7. Our Attitude to the World through the Cross
The apostle declares that through the cross he has been crucified unto the world and the world unto him. Is this true of us? Do we look upon this world as the enemy that murdered our Lord? Can we join hands with it in its Christless pleasures and godless ambitions any more than a sister could dance with the ruffian that had murdered her brother? The world crucified our Christ and to us henceforth it must be recognized as our foe. Indeed, by the death of Christ we have died to the world and are counted as men that have passed out of it and then come back to it in a second life as God’s sent ones, commissioned to represent the Master here. We cannot do this if we stoop to the world’s level. It is from our heavenly place of identity with Him that we may expect to lift it to the higher level.
The cross in the market place! Oh, what a difference it would make if the cross of Calvary dominated all our business dealings, all our social amusements, all our pleasures and all our plans! Avarice would not dare claim its graft. Pleasure would blush in its mad revel before that vision of Him who came not to seek enjoyment or gain, but rather to lay down His rights and give up His very life, not only as an example of righteousness, but as a sacrifice of love.
8. The Cross–the Inspiration of Zeal and Sacrifice
And oh, how poor our sacrifices and services for our Master and our fellowmen appear under the shadow of the cross! “He died for all, that they which live should not henceforth live unto themselves, but unto him which died for them, and rose again” (2 Cor. 5:15). The cross is the only inspiration of true benevolence, sacrifice and zeal for the salvation of men and the salvation of the world. If its mark has been placed upon us, then we are not our own; we are bought with a price, and all we are and have belongs to Him, and the great sacrifice is little to give to Him.
A contemporary journal stated that during the last winter of the war in Manchuria the Japanese emperor, learning of the sufferings of his soldiers from the awful rigors of the Russian winter, was so distressed that he refused to allow the fires to be lighted in his palace and he spent that winter in fellowship with the sufferings of his heroic army. Such was the spirit of Jesus when our race was in peril. Heaven could be to Him no longer heaven, but down from the seats of glory He hastened to share our sin and save our world. Oh, surely, we might watch with Him one hour, and count it joy to share the fellowship of His love by sacrifice and service for the salvation of men! Are we doing this? Has the cross put its mark upon our ministry, upon our gifts, upon our personal labors for Him and for the perishing around us and the heathen in more distant lands? Well may we cry when we think of such love:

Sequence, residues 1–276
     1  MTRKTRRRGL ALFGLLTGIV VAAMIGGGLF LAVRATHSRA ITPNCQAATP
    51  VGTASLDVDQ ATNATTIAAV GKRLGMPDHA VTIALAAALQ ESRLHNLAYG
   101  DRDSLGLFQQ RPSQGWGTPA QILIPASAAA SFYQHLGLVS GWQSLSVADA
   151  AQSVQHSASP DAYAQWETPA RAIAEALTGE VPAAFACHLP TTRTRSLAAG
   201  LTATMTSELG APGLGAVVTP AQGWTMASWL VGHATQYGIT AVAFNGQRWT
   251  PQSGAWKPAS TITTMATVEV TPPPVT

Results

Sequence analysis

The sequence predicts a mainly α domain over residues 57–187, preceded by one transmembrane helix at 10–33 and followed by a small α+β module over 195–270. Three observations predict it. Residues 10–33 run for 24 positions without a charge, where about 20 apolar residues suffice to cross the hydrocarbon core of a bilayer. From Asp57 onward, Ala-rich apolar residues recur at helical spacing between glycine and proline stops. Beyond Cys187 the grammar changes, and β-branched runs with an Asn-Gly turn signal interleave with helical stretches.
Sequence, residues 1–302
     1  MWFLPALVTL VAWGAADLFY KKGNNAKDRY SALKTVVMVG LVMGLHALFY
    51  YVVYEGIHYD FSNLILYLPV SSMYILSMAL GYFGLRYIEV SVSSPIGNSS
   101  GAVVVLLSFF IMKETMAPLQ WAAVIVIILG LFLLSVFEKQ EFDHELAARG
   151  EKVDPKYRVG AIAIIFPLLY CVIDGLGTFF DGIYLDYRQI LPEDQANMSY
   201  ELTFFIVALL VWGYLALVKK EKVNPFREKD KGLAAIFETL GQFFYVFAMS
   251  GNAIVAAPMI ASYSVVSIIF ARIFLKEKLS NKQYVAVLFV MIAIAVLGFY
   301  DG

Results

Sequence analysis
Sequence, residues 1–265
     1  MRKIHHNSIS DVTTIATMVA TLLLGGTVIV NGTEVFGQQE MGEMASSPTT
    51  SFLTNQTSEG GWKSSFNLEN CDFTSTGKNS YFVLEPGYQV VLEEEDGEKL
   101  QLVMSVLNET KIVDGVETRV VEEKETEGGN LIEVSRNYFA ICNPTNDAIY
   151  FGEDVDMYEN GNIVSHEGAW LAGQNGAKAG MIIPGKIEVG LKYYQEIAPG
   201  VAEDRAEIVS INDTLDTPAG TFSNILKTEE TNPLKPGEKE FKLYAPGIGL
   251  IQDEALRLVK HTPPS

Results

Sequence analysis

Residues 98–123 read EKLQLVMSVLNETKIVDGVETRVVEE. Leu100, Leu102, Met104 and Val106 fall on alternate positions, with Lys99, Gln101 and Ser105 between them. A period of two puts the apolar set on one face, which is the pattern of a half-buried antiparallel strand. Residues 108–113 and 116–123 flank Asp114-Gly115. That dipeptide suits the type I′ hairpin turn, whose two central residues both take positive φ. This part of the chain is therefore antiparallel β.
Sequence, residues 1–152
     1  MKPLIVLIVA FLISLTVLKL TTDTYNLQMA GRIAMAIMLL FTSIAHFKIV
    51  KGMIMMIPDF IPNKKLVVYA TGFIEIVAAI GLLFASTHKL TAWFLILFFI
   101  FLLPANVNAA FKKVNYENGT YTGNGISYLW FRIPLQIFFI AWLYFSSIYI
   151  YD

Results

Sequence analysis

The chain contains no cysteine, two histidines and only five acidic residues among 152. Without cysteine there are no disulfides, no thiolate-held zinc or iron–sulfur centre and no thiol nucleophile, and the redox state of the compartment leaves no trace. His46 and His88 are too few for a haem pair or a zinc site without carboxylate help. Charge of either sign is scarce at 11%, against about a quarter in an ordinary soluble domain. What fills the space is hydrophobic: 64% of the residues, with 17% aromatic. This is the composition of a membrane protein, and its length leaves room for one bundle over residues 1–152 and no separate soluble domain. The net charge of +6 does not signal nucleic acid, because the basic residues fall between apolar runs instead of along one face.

Oh, for a passionate passion for souls!
Oh, for the pity that yearns!
Oh, for the love that loves unto death!
Oh, for the fire that burns!
9. No Cross, No Crown
What significance will the cross have in connection with the crown? Beloved, if anything is true, this is true, that there will be nothing in heaven that does not have the mark of the cross upon it and has not passed through death and resurrection. Even the very earth and heavens must pass away, and a new heaven and a new earth emerge. There shall be no joy, there shall be no glory, there shall be no crown for us there that did not come from some surrender, some sacrifice, some renunciation, some crucifixion here. God help us, therefore, to stamp upon all our life below and our crown above [with] the passion sign of the cross.
Part 2 of 2
From A. B. Simpson’s book, The Cross of Christ
“A. B. Simpson was born in Canada of Scottish parents. He became a Presbyterian minister and pastored several churches in Ontario. Later he accepted the call to serve as pastor of the Chestnut Street Presbyterian Church in Louisville, Kentucky. It was there that his life and ministry were completely changed–during a revival meeting he experienced the fullness of the Spirit. He continued in the Presbyterian Church until 1881, when he founded an independent Gospel Tabernacle in New York. There he published The Alliance Weekly and wrote seventy books on Christian living. He organized two missionary societies which later merged to become The Christian and Missionary Alliance.” God especially used in Simpson’s personal “revival” W. E. Boardman book, The Higher Christian Life.” (Biographical quote from: http://www.cantonbaptist.org/halloffame)